Double whammy | Inquirer Opinion

Double whammy

/ 02:39 AM August 14, 2015

The people of the Philippines actually took a hit twice when the Olongapo court excluded several items of evidence offered by the public prosecutor in the trial of US Marine Joseph Scott Pemberton.

Not only does it weaken the ammunition available to the Filipino prosecutors. It also delays the trial, and brings it perilously close to what is effectively a one-year deadline for Philippine courts to conclude the trial.


In October 2014, Filipino transgender woman Jennifer Laude was found dead in a motel room in Olongapo shortly after a man, later identified as Private 1st Class Pemberton, was seen leaving. In December 2014, a murder case was filed against him at the Regional Trial Court in Olongapo.

Recently, the court excluded 20 items of evidence offered by Chief City Prosecutor Emilie Fe de los Santos. She has of course asked the court to reconsider its order, but this also stalls the case further.


The wheels of justice turn ever so slowly in this country, but this delay is particularly worrisome because the Visiting Forces Agreement says that after one year after the start of the trial, the United States is freed from its duty of judicial cooperation with the Philippines on this case. The VFA says: “In the event Philippine judicial proceedings are not completed within one year, the United States shall be relieved of any obligations under this paragraph,” referring to the US commitment to make Pemberton “available” to Philippine authorities “without delay.” That one-year period began to run from the filing of the criminal charge in December 2014. The prosecution has barely four months before it lapses.

For sure, it can be argued that the clause applies only when the accused is in US custody. Pemberton is detained in Camp Aguinaldo, guarded jointly by Filipino and American soldiers in what appears to be joint custody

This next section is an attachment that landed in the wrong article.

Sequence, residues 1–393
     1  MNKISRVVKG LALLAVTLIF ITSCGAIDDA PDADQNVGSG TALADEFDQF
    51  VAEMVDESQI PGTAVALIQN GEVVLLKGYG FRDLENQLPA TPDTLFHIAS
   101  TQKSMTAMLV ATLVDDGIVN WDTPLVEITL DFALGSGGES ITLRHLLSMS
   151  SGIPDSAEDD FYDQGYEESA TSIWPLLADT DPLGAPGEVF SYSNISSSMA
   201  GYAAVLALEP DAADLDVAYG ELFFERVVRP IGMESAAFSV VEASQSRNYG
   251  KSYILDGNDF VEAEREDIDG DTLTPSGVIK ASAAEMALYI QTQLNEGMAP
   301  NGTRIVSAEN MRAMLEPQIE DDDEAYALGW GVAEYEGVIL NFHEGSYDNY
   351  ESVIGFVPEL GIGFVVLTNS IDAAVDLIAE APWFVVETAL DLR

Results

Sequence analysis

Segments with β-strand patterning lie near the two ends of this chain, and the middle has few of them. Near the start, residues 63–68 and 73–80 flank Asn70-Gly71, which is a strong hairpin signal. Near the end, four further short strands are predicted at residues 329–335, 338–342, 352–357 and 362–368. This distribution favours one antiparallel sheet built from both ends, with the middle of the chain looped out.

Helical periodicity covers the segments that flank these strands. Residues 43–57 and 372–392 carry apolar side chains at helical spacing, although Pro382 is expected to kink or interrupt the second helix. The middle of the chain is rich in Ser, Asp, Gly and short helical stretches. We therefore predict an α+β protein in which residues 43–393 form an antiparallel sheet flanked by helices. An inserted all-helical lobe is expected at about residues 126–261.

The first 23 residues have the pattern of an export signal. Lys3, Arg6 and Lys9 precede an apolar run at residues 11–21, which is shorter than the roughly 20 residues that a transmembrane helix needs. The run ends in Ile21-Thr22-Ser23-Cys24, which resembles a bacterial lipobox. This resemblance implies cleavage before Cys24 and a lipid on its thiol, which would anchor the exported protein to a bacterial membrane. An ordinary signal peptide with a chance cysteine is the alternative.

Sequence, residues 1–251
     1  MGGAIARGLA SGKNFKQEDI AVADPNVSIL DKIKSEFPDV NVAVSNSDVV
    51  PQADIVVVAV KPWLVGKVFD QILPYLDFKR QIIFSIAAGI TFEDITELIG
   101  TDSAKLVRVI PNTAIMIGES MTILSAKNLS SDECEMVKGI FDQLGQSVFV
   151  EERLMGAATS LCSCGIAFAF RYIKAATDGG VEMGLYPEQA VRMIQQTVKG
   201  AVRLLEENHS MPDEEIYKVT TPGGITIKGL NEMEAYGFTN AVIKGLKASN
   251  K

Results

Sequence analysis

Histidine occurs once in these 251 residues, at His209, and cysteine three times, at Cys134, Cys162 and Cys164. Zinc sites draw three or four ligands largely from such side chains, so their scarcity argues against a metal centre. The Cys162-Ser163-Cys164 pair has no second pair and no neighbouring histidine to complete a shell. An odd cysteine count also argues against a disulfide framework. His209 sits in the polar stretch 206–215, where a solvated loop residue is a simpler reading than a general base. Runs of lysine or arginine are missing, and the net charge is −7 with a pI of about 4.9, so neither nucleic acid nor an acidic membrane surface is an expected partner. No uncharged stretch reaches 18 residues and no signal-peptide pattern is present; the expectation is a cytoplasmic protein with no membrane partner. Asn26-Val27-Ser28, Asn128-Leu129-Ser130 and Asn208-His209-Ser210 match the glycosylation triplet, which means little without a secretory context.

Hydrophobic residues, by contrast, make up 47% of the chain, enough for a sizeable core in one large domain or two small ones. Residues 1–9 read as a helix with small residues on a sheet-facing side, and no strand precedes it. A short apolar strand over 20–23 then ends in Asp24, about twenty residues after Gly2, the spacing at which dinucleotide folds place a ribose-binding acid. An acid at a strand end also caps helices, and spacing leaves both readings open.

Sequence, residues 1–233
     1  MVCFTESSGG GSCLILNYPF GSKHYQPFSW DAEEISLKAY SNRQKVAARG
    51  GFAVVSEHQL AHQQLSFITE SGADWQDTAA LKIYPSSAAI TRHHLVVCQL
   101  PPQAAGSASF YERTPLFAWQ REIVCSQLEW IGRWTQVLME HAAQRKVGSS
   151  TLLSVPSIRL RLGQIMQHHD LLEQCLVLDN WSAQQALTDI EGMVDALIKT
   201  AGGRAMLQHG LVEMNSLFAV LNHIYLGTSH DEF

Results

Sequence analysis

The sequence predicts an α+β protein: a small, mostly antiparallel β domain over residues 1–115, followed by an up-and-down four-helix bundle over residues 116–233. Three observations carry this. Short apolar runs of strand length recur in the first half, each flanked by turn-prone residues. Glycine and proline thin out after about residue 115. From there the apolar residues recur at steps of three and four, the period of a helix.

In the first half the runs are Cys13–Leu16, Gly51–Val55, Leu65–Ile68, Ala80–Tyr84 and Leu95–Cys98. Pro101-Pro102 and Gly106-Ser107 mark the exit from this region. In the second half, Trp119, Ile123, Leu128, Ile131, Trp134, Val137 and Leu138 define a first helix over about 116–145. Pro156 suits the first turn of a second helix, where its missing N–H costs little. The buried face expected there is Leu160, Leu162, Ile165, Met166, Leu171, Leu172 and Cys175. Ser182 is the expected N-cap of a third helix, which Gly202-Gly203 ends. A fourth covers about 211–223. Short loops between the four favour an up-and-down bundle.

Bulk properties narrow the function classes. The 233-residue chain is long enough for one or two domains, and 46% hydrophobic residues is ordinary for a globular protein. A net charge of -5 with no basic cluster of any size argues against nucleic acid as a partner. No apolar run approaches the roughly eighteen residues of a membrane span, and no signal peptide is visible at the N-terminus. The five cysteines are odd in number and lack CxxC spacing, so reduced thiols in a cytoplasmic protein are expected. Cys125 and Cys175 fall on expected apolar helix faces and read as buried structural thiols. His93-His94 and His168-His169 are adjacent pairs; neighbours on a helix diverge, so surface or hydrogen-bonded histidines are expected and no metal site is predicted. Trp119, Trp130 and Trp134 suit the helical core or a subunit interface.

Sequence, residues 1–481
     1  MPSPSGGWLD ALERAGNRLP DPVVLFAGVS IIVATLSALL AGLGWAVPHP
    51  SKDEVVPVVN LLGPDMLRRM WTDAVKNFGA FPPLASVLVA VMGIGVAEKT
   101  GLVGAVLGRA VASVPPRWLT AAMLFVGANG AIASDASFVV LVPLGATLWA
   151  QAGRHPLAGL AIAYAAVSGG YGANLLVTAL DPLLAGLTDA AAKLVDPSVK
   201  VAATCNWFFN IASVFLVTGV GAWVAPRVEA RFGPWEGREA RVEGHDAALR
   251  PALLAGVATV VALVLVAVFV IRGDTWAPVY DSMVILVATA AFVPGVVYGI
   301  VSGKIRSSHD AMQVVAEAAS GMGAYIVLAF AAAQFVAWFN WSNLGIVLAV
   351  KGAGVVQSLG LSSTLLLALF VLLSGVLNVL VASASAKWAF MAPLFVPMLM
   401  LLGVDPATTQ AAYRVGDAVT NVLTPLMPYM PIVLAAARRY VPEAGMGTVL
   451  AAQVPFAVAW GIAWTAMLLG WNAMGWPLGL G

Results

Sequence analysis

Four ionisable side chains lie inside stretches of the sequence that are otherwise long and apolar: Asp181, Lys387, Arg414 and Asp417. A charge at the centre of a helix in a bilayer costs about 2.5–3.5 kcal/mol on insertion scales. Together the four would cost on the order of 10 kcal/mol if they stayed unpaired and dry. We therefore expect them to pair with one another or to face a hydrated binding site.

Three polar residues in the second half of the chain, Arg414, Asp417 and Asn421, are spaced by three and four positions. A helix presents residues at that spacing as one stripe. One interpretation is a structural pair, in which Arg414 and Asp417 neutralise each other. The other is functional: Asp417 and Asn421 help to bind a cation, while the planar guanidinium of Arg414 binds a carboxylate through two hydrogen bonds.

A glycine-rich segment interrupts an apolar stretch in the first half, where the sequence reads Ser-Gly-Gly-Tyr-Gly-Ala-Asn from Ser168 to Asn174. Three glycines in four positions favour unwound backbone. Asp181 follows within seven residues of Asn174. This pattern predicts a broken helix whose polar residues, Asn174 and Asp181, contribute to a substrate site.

between the two countries. But even the validity of joint custody is itself debatable.

Still and all, this doesn’t mean the prosecution can

dilly-dally. The case brings together the voices of the two most articulate constituencies in Philippine political discourse today: the anticolonial and the gender activists, in the context of a gruesome murder. If a headline-grabber that catches the full range of news consumers, from the ideologues to the tabloid readers, cannot nudge a Philippine court to move faster, what else can?

Thus far, the prosecution has established how Laude died (from “asphyxia by drowning and strangulation,” said the Philippine National Police medico-legal officer and pathologist), and her head and neck wounds indicate that she could’ve been mauled or punched before her death.

The prosecution has also placed Pemberton as Laude’s companion during that fatal night. Two witnesses,


“Barbie,” Laude’s companion and herself a transgender woman, and a motel bellhop identified Pemberton as the man who checked into the motel with Laude.

The Laude family’s lead counsel, private prosecutor

Harry Roque Jr., finds the motive in Pemberton’s discovery that Laude was a transgender woman. Pemberton confided to his “liberty” companion, a fellow Marine, after returning to their ship: “I think I may have killed a he or a she.” The witness, asked why he took the stand against his fellow soldier, invoked the Marine’s duty to always tell the truth.

On the other hand, PNP investigators have examined the fingerprints on the condom wrapper, and found that those were not Pemberton’s. US medical officers also testified on their examination of Pemberton, who showed “defensive wounds.” They also couldn’t confirm whether Laude had been sexually assaulted or had engaged in consensual sex.

Meanwhile, the defense is reportedly considering a “demurrer to the evidence,” which is to say that it thinks the prosecution has presented such a weak case that the defense sees no need to present its own evidence. It will

instead “demur” and ask the court to simply throw out the case. That remains to be seen.

Filipinos must look at the brighter side of things, and revel in small victories. There was a time when accused US servicemen were spirited out of the country in wanton disregard of the Philippines’ claim to justice. Today Pemberton is on trial in a Philippine court, and behind bars in a Philippine camp. His fellow American soldier has taken the stand as a prosecution witness. US military and medical experts have been made to testify by the Filipino prosecutors. The Department of Justice has stood pat on the decision to indict Pemberton for murder—and even the Filipino public prosecutor’s pathetic attempt to water down the charge to mere homicide has been roundly rejected by the Laude family.

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TAGS: Camp Aguinaldo, Jennifer Laude, Joseph Scott Pemberton, Olongapo court, Visiting Forces Agreement
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